[July 12, 1962] ROUTINE EXCURSION (the August 1962 Amazing)

by John Boston

Summertime, and the living is . . . hot and sticky, here in the near-South.  Also fairly boring, if one is not much interested in such local rustic amusements as hayrides and frog-gigging (if you have to ask, you don’t want to know.) There’s no better time to find a comfortable hiding place and read science fiction magazines, except possibly for all the other times.  Of course the season—any season—doesn’t guarantee merit, and the August 1962 Amazing is the usual mixed bag.

The issue leads off with the cover story Gateway to Strangeness by Jack Vance, which contrary to its title goes out of its way to avoid strangeness.  It’s the one about the martinet skipper who treats his young trainee sailors with brutal sternness—not to mention sabotage to create life-threatening problems for them to solve—but it’s good for them and makes men out of them, except for the one who’s dead.  In this case it’s a solar sail ship and not a windjammer, but the premise is just as tired regardless of medium.  The most interesting aspect is the description of operating a spaceship propelled by the “wind” of light and particles emanating from the Sun.  For a Vance story, that’s a judgment of failure: his talents lie elsewhere than hardware (see The Moon Moth in last year’s Galaxy and The Miracle Workers a few years ago in Astounding), but he seems determined sometimes to play to his weaknesses.  Two stars.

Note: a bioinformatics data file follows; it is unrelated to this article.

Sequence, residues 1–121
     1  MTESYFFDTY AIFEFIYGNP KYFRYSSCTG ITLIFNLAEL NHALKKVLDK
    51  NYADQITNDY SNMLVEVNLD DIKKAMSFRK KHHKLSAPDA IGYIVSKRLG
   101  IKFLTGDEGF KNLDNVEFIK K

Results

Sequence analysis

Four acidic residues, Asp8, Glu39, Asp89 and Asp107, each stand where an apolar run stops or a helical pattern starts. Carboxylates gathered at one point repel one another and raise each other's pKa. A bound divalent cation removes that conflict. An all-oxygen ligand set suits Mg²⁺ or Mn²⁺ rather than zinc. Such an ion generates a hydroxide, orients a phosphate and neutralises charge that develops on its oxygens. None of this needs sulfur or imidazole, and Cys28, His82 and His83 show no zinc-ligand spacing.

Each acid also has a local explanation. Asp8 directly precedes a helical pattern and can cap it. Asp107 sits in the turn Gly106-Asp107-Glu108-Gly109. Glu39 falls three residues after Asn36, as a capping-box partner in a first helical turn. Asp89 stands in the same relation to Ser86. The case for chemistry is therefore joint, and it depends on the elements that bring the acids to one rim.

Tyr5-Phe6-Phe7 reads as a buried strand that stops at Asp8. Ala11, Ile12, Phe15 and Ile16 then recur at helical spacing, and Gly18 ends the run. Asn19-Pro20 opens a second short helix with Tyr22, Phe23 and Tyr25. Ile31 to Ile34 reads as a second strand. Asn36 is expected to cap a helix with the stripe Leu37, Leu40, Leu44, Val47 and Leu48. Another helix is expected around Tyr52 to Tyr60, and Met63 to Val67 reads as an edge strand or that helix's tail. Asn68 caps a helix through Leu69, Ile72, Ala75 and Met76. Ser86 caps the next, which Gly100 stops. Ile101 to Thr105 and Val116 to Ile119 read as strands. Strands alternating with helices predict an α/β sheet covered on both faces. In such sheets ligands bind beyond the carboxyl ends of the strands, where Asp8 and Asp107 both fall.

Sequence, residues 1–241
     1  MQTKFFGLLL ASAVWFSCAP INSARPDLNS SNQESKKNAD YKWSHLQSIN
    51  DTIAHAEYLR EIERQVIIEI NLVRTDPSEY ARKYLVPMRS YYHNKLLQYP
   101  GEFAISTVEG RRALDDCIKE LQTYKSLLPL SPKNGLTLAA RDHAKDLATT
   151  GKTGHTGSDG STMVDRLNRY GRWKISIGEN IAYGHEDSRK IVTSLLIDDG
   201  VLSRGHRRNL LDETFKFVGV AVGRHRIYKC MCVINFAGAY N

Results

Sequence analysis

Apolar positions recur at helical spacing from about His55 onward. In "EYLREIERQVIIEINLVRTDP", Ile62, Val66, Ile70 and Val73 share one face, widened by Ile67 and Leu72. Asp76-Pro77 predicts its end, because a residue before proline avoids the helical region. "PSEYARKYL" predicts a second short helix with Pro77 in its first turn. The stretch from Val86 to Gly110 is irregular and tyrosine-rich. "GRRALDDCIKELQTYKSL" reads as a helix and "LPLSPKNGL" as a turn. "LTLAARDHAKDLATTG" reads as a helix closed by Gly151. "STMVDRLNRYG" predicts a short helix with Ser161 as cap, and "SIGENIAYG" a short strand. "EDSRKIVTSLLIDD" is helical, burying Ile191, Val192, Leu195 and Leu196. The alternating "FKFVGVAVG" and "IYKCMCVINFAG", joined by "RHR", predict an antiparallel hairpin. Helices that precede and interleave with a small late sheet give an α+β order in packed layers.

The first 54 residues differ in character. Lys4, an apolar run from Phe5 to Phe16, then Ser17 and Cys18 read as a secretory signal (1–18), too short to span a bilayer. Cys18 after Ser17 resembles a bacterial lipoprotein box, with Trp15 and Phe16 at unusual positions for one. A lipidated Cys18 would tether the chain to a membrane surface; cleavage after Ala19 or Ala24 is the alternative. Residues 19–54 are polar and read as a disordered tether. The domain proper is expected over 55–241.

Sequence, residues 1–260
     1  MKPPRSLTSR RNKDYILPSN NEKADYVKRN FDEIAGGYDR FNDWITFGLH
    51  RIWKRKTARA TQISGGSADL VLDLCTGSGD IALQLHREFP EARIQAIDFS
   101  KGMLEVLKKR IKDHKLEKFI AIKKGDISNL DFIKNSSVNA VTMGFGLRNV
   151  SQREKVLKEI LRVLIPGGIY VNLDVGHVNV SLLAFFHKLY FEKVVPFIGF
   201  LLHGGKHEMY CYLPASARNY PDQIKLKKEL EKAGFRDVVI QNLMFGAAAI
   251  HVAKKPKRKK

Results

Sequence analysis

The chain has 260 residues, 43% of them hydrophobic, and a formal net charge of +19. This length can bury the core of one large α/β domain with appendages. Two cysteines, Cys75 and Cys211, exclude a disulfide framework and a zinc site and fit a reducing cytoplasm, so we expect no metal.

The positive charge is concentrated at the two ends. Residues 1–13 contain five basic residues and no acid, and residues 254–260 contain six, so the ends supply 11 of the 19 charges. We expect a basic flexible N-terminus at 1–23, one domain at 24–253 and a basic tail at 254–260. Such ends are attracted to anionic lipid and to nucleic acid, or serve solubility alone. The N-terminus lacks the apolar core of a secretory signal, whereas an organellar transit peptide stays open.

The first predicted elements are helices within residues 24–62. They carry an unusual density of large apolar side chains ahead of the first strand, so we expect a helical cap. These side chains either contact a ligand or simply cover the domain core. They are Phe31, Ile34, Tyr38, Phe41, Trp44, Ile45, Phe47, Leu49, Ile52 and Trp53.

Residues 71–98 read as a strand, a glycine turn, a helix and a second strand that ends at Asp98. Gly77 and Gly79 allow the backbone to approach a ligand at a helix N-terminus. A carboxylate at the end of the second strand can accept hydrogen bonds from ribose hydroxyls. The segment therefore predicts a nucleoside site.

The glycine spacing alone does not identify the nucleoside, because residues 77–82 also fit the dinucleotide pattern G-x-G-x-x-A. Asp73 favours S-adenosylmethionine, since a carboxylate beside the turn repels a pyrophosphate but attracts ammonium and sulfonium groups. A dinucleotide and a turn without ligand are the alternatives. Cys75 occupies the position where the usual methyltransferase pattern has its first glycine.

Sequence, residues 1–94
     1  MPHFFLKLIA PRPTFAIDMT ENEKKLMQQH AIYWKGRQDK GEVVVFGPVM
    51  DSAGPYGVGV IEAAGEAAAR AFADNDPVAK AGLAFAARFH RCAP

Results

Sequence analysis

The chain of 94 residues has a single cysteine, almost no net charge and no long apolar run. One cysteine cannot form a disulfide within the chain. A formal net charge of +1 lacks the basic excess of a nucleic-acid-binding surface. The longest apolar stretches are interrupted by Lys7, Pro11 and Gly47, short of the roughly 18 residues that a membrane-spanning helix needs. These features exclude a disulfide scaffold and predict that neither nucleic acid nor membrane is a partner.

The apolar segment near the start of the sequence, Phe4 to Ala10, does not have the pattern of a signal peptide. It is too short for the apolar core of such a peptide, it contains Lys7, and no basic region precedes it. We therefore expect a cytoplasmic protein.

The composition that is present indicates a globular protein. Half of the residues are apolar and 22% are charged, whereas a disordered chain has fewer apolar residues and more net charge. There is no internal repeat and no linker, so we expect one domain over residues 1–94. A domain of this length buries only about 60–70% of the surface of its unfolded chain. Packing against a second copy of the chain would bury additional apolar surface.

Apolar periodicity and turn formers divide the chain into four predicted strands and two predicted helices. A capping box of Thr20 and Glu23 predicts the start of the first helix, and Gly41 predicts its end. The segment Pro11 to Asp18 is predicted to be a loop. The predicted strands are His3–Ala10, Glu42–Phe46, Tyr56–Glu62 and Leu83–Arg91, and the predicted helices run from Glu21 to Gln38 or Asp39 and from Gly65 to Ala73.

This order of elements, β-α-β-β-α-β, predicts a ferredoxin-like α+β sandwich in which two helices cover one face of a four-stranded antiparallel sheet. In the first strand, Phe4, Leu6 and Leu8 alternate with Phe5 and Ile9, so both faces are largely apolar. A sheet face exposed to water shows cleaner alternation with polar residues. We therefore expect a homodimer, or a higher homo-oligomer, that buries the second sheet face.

The other novelet here is James H. Schmitz’s Rogue Psi, in which humanity (via the members of a secret psi research project) confronts a “hypnotizing telepath” who can control or impersonate anyone, and has been interfering with humanity, and in particular its efforts to get off-planet, for centuries.  The showdown is brought about via “diex energy,” which amplifies psi powers.  This is all moonshine, but Schmitz is an engaging writer and has a knack for physical and experiential description that make his account of psychic goings-on better grounded than others we could name—none of the familiar “he stiffened his mind shield as Zork lashed out” sort of thing.  The deus ex machina, or ex hat, resolution even goes down smoothly.  Three stars for capable, even lively, deployment of material that otherwise would border on cliche.